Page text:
Do you know what it costs to drive the averaged price new car, with all cost related to it, per mile? I have been trying to find this figure. I think most people would be surprised to find out what the actual cost is. It seems to me that last year that cost was around 44 cents per mile.

John W.

John's right. Many people are surprised when they find out how much their cars cost to operate each year. And what he remembers is right in the neighborhood for the average cost. Let's take a closer look and see if we can't show you how to know how much your car is costing you per mile.

The best source for information on auto costs is a firm that specializes in cost analysis called Runzeimer International. Each year they do a detailed report on the cost of auto ownership that's geared primarily to business clients. A summary report is made available to the public.

They compared 23 cars, light trucks and vans. Of the 1999 models they tested the lowest cost car to own was the Saturn SL2 at $6,756. On the high end was the Mercedes 320S at $18,710. But, to understand those figures we need to know what's included in them.

Runzeimer's includes all the costs associated with operating the car. Everything from the sales price to the trade in value. Not only do they include obvious operating costs like gas and oil, but others like financing costs, licensing and taxes.

They assume that the car is kept for three years and the owner uses the car for 20,000 miles per year. So based on that, the Saturn would cost $0.34 per mile and the Mercedes $0.94. John's estimate of $0.44 is right in the ball park for a typical family car.

But part of the problem with these averages is that even if you own a Saturn SL2 you might get an answer that's very different from the Runzeimer figure. Why is that? Because the different costs that make up the total can vary widely from owner to owner.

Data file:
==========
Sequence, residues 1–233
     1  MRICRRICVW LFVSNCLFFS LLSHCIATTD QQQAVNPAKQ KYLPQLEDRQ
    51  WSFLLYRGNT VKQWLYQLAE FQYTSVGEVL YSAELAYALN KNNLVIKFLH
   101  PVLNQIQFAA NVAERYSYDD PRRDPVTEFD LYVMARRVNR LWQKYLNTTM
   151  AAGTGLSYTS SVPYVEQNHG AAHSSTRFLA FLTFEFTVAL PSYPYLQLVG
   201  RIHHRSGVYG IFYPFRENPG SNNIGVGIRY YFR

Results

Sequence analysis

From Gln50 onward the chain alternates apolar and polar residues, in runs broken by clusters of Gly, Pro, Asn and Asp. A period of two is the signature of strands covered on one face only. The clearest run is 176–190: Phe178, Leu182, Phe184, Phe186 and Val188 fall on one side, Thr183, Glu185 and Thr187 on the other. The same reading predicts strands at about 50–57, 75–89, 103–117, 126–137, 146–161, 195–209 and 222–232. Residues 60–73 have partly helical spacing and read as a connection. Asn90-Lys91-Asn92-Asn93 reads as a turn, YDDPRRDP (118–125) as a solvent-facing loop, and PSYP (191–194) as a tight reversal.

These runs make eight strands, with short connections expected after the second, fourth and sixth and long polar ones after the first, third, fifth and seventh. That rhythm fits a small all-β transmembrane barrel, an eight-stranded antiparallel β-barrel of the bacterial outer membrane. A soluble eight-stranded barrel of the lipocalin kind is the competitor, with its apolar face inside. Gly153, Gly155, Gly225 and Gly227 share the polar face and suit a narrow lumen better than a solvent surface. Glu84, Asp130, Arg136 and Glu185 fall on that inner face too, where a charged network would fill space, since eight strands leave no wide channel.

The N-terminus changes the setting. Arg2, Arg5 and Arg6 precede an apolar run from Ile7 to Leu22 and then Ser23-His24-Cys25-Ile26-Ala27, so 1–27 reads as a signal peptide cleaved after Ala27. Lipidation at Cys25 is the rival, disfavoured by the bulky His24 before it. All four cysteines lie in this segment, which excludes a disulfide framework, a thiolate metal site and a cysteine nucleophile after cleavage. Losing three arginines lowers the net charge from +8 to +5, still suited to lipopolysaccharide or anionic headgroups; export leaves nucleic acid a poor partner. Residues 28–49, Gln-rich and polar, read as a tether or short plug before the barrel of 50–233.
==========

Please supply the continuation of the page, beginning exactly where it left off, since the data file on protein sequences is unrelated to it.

Another Runzeimer report compares the cost in different cities. A car driven in Los Angeles costs about 50% more than the same car driven in Sioux Falls, South Dakota. Taxes, license fees and insurance are the main differences.

The best way to actually figure your cost of ownership is to do the calculation based on your own circumstances. After all, you don't really care about averages. You want to know what your car costs.

To come up with our cost we're going to estimate the cost to buy and ultimately sell the car. To that we'll add the annual expenses for taxes, licenses and insurance. Then the costs that change with the amount of driving we do will be added. Finally, we'll total all those costs and then divide by the mileage we expect to put on the car.

Begin with the depreciation expense of the car. In simple terms, depreciation is the difference between what you paid for the car and what you get back when you sell it. To get that figure total the cost of your down payment and monthly lease or payments. Don't forget to add any sales taxes and the cost of extended warrantees.